The latest Watchtower magazine launches another attack on higher education
The latest Watchtower magazine launches another attack on higher education

The Watch Tower Society has long stigmatized higher education and dissuaded young Jehovah’s Witnesses from a meaningful career as anything other than unpaid promoters of the organization.

As far back as 1969 Watchtower was telling young ones that they would “never fulfill any career that this system offers.” Why? Because by the time they graduate, the “system of things” would be “well on the way towards its finish, if not actually gone!” (Awake! 1969, May 22, page 15)

It goes without saying that, in the 45 years since 1969, countless meaningful careers have both started and ended – including some that Watchtower has directly benefited from as technology has advanced.

Despite such demonstrably reckless past advice, Watchtower’s crusade against higher education is being waged just as ferociously as ever – as shown in the latest June 15 2014 Watchtower study edition. (download here)

A three page article entitled “‘Smooth Out the Course of Your Feet’ to Make Progress” uses strong imagery to present higher education as a hindrance and stumbling block rather than something that can lead to individual betterment and achievement.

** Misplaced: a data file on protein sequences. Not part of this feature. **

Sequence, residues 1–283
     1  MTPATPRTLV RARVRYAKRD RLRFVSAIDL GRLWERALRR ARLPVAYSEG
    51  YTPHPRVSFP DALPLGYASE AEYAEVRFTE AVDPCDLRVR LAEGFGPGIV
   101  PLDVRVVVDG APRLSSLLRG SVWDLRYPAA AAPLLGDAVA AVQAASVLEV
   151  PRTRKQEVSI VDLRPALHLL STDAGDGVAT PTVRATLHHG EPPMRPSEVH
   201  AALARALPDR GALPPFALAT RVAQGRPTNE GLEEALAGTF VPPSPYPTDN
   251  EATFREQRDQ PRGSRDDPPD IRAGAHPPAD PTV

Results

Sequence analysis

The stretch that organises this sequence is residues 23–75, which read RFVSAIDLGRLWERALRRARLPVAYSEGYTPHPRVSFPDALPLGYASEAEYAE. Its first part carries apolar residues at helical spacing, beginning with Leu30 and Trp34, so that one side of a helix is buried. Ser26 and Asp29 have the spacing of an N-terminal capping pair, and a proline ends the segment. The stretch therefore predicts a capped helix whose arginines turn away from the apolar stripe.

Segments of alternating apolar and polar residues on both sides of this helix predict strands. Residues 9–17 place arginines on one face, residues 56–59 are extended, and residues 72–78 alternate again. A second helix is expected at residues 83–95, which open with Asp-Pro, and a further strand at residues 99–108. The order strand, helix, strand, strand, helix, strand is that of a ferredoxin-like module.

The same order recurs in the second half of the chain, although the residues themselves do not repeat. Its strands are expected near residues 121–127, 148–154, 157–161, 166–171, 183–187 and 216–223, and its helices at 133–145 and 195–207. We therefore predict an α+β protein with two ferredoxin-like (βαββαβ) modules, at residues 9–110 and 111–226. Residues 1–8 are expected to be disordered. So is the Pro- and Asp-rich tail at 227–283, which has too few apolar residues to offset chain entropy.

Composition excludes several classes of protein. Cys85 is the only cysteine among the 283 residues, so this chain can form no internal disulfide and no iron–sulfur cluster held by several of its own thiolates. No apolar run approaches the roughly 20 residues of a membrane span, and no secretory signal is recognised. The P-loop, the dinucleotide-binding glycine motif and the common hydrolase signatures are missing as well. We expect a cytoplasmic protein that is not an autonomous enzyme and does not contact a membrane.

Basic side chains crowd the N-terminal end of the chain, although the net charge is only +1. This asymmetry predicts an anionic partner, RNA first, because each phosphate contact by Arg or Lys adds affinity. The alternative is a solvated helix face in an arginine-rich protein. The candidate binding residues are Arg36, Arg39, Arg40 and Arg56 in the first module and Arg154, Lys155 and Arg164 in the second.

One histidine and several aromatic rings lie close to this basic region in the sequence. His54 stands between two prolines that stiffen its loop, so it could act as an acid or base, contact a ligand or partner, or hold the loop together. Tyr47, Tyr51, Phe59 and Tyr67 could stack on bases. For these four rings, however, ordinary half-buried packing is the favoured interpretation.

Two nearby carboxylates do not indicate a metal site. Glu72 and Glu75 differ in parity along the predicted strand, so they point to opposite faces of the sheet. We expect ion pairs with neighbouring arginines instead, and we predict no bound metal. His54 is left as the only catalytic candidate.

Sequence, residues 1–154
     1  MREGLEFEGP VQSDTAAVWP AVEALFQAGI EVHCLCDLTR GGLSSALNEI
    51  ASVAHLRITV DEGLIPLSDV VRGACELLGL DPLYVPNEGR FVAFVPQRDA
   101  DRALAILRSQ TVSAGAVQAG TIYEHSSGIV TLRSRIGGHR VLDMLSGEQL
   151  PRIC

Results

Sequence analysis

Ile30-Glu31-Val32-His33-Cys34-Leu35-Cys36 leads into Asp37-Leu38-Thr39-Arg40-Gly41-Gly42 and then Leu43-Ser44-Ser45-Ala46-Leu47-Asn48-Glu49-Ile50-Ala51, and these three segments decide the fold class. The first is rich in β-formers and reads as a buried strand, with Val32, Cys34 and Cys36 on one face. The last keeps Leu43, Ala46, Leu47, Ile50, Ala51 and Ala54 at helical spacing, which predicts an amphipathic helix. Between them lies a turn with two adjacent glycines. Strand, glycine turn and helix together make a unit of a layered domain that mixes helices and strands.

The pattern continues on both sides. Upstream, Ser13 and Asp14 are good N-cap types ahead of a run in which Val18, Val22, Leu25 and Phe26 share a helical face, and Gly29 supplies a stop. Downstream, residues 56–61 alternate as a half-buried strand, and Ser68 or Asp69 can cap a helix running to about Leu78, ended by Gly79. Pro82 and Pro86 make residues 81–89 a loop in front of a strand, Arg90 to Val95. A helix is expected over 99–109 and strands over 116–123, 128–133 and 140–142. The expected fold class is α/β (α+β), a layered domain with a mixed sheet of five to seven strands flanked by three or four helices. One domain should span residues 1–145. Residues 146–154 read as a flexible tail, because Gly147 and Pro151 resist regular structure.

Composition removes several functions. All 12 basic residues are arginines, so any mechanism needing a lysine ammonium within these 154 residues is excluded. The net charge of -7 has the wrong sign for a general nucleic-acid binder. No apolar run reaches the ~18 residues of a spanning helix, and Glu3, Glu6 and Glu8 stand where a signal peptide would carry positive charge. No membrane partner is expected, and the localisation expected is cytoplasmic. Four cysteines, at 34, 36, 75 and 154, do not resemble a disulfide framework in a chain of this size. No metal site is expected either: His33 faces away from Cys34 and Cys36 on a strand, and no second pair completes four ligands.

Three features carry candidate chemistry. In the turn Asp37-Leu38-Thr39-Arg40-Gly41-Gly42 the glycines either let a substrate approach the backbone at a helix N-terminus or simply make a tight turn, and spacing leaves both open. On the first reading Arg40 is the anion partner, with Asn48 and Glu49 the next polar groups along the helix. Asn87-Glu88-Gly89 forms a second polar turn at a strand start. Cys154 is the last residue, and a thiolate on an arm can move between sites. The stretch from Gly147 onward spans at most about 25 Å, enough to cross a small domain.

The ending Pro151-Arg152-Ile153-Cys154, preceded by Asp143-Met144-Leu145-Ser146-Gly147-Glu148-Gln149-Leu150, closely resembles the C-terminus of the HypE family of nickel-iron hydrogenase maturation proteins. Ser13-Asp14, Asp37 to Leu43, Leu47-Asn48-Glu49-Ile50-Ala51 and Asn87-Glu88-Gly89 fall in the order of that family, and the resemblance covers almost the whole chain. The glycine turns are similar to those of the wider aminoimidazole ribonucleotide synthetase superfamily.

education-pathwayThe article begins by reminding readers of the ancient Jews returning to Jerusalem from Babylonish captivity, and how they were required to clear a highway free of any obstacles to make their journey easier.

The related passage in Isaiah 62:10 is crudely hijacked, with young ones asked to view higher education as a kind of obstacle from which they should free themselves.

The article then uses extremely loaded language to present higher education as something evil and sinister.

“When a young Witness does well in school, a guidance counselor, a teacher, or a fellow student may pressure the Witness to pursue higher education as a step toward success in this system of things,” the article warns.